In August 2017, a group of fellow journalists and I went to the Atlanta set of Michael Dougherty’s Godzilla: King of the Monsters. Set five years after the events of 2014’s Godzilla, the movie sees a more powerful Monarch organization once again calling on the help of Godzilla after a villain seeks to use the monsters as living atomic weapons.
During a break in filming, we got to talk with director Michael Dougherty. During our conversation, we talked about how he got involved with the film, why his film is like Aliens when compared to Gareth Edwards’ Godzilla, why it was important for scientists to be the heroes, making a nod to King Kong, Easter eggs, redesigning Ghidorah, Rodan, and Mothra, for a new era but staying loyal to the original designs, bringing in horror elements, how the film connects to the other films of the Monsterverse, if he wanted to bring in any other Toho monsters, and more.
Check out the interview below, and click here for our full report from the set.
MICHAEL DOUGHERTY: My local TV station had the old black and white Universal monsters, so I was subjected to it for years. And I fell in love with the character (of Godzilla) and it’s funny because when I got the job I went back and looked at an old childhood bible – I went to Catholic school, which is a much longer story – and I found an old bible where I had drawn Godzilla, in between the various bible illustrations, so there was a picture of like the fall of Jericho and I had added Godzilla. I figured if I add Godzilla to anything, it’s better. So yeah, he’s been a good friend for a very long time. So it’s a dream come true.
Edwards’ Godzilla has been described as slow burn, where the other Godzilla films have been more action packed. How would you describe your Godzilla?
DOUGHERTY: Well, I hesitate to say it, but I would call it the Aliens to Gareth’s Alien. So it’s a bit more on an ensemble film. Whereas the first movie was really about Brody’s character kind of weaving his way through that adventure and Monarch kind of was the backdrop for that. Here Monarch is the focus, because I find that concept really fascinating. The idea that there is a secret agency that tracks giant monsters – that is a dream come true for me too. I think if the government said to me, ‘Tomorrow you have to fake your own death and abandon every one you know to go hunt the paranormal,’ I would be gone in a heartbeat.
So I felt there was an opportunity to sort of craft Monarch as a group of humanists, who unlike a lot of top secret government agencies where they have their own nefarious mission statements, Monarch has a very positive outlook on what these creatures are and what they represent. And the idea of a team of heroes who are scientists really appealed to me. This isn’t a Marvel film where you people in mech suits or with superpowers getting into endless fist fights. These are just very intelligent, capable people, who are up against impossible odds. So in a time where, in our current climate, where science is being constantly questioned and targeted, the idea of creating a film where scientists are heroes, I thought was really important.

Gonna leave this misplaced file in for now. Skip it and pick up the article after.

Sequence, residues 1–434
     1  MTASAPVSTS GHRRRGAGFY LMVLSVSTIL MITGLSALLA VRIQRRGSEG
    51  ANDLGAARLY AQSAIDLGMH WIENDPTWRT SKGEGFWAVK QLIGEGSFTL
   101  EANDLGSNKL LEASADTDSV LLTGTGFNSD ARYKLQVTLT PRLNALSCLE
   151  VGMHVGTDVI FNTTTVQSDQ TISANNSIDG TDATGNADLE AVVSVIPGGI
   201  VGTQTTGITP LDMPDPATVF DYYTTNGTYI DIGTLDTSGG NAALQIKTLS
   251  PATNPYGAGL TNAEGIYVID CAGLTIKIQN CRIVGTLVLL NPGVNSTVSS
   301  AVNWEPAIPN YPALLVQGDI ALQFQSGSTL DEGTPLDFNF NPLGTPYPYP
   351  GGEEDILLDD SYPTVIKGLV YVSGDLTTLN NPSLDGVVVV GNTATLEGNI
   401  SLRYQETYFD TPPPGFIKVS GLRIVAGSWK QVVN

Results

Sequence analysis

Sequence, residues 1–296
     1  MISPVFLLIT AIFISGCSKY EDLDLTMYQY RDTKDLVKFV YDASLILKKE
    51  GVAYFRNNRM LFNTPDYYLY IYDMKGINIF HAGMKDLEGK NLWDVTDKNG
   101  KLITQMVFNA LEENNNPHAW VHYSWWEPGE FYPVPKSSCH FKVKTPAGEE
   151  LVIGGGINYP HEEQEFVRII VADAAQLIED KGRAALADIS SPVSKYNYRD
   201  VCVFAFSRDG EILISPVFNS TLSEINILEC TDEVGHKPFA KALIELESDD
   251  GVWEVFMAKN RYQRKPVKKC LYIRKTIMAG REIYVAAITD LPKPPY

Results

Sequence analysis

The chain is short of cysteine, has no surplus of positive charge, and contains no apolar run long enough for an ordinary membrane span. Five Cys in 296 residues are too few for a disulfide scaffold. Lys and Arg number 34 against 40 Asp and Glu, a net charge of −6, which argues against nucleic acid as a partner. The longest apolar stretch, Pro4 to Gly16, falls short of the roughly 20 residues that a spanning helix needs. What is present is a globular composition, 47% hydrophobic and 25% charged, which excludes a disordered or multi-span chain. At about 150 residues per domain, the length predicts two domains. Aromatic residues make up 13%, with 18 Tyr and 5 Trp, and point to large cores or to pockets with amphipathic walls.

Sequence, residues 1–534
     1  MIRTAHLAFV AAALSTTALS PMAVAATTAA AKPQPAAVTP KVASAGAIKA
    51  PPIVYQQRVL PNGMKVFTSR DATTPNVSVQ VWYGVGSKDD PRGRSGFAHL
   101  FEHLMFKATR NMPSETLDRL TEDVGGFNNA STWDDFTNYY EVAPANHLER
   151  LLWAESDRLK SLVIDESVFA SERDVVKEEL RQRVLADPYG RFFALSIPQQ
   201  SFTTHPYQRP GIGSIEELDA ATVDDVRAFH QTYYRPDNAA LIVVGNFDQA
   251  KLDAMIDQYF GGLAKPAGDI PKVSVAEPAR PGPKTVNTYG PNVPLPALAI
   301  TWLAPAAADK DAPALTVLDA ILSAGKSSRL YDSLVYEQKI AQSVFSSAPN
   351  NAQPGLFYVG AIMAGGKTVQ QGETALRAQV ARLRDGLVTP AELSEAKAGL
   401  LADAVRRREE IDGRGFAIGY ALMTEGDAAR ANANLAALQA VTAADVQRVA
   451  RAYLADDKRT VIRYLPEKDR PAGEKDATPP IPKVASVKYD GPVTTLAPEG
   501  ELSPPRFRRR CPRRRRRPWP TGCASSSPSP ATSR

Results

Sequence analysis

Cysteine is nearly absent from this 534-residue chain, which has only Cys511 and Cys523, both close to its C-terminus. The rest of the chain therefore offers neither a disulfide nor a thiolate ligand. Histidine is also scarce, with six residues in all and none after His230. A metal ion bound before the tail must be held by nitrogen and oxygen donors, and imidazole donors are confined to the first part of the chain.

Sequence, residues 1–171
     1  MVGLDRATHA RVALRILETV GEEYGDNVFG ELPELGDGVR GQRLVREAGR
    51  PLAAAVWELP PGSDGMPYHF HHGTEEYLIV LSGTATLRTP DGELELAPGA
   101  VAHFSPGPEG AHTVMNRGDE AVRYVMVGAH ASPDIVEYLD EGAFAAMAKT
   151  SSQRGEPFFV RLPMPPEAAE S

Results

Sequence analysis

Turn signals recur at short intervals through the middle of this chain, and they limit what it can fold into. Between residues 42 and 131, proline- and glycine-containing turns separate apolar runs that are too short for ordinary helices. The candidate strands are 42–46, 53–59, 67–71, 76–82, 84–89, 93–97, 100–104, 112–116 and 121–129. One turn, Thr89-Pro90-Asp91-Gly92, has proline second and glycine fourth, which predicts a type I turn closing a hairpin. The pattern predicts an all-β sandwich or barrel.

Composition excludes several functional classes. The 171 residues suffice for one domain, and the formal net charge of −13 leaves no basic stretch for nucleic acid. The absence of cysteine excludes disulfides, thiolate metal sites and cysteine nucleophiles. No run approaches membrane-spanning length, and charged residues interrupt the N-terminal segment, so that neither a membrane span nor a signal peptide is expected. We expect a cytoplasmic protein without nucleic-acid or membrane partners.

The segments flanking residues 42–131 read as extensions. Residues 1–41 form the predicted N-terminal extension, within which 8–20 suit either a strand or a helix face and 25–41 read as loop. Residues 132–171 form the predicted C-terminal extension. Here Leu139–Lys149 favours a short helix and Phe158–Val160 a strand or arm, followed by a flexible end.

How long after the event’s is Edwards’ Godzilla does this film take place and where are these monsters sort of suddenly coming from – do the events of that film set off a chain reaction?
DOUGHERTY: No. This film roughly takes place in real time. So we are placing that first film in 2014 and we are saying this film takes place roughly five years after, so in 2019. The monsters – it’s not like the monsters are suddenly popping out of nowhere, they’ve always been here. They were here before we were. So the concept we’re running with is that this world belonged to them. If anything, we’re the invasive species, and we’ve simply rediscovered something that’s always been there and that they are in some ways, the old gods. The first gods. And that’s something we’re also trying to bring to this film for a more mythological, almost biblical, backdrop to the creatures, and it’s called Godzilla…the idea that these creatures were once worshipped by some ancient civilization. I really love that about the old movies in that Mothra was this deity. It really opened up the mythology. So if Mothra existed thousands of years ago, and Godzilla existed thousands of years ago, and Mothra was worshipped by some ancient civilization, as was Kong, that would make sense that the other creatures probably had some contact with human beings at some point too. As a kid it always bummed me out that dinosaurs never actually crossed paths. After years of Harryhausen films, that was such a heartbreaking truth to discover. So I’m saying fuck that. No. At some point, ancient humans that we have forgotten about, somehow did interact with these ancient beasts.